In a recent clinical trial in the Republic of the Marshall Islands, children 6 to 15 months old were given oral doses of xylitol in fruit-flavored syrup daily to determine whether the substance can prevent early-childhood tooth decay, or “caries”.
Researchers reported that nearly 76% of the children in the group who received xylitol were free of tooth decay by the end of the study, compared with 48% of the children in the group that did not receive the substance.
The Marshall Islands in the Pacific were chosen for the study because it is an area where childhood tooth decay is a serious public health problem. The average child entering Head Start at age 5 has 6.8 cavities–two to three times the rate in a typical mainland community. Researchers came from the Northwest/Alaska Center to Reduce Oral Health Disparities and the Department of Dental Public Health Sciences at the University of Washington, Seattle.
Xylitol can be administered in the form of chewing gum, lozenges, or syrup. The U.S. Food and Drug Administration has approved xylitol’s use in food since 1963 and classifies the substance as safe.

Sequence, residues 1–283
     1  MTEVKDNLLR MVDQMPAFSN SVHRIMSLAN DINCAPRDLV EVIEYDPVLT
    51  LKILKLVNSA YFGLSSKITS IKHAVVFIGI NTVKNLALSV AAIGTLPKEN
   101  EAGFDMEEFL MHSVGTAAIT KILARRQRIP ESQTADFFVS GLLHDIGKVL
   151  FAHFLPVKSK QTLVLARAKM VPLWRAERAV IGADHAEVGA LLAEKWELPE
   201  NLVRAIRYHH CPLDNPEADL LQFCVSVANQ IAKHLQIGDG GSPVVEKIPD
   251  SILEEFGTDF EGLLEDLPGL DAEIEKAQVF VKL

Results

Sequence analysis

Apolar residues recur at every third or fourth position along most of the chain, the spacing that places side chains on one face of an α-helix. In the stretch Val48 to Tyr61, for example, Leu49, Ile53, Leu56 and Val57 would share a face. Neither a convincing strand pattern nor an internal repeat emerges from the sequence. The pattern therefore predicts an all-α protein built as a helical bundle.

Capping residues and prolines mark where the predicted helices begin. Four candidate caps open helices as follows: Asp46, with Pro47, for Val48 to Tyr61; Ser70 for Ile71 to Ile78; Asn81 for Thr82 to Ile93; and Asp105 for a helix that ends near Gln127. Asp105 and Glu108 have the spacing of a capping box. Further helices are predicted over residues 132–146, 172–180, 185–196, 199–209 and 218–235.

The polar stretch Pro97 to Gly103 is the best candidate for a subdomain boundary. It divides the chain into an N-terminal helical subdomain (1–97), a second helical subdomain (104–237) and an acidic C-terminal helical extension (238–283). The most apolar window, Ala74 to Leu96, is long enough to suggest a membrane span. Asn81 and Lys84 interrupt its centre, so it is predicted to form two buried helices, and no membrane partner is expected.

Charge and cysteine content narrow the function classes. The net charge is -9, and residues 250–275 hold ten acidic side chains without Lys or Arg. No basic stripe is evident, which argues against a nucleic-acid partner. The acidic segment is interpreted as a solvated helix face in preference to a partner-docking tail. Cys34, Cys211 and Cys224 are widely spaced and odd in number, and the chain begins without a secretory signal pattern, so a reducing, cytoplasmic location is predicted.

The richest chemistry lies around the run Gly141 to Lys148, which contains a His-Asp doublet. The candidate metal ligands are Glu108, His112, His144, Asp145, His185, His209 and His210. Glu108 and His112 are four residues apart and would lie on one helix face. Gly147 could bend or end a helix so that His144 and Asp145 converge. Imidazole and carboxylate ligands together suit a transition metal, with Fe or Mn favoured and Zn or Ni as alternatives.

According to researchers, at the end of the trial nearly 76% of the children in the study group were caries-free, compared with 48% in a comparable group that did not receive treatment.
Xylitol is a five-carbon sugar alcohol that is used as a sugar substitute.
Funding was provided by HRSA Maternal and Child Health Bureau and the National Institute of Dental and Craniofacial Research.
This is a summary of an abstract entitled “Xylitol Topical Oral Syrup Prevents Early Childhood Caries: a RCT”, by P. Milgrom et al., of the University of Washington, Seattle, and the Ministry of Health, Marshall Islands, presented July 5, 2008, in Hall D-E of the Metro Toronto Convention Centre, Toronto, ON, Canada, during the 86th General Session of the International Association for Dental Research.
Provided by International & American Association for Dental Research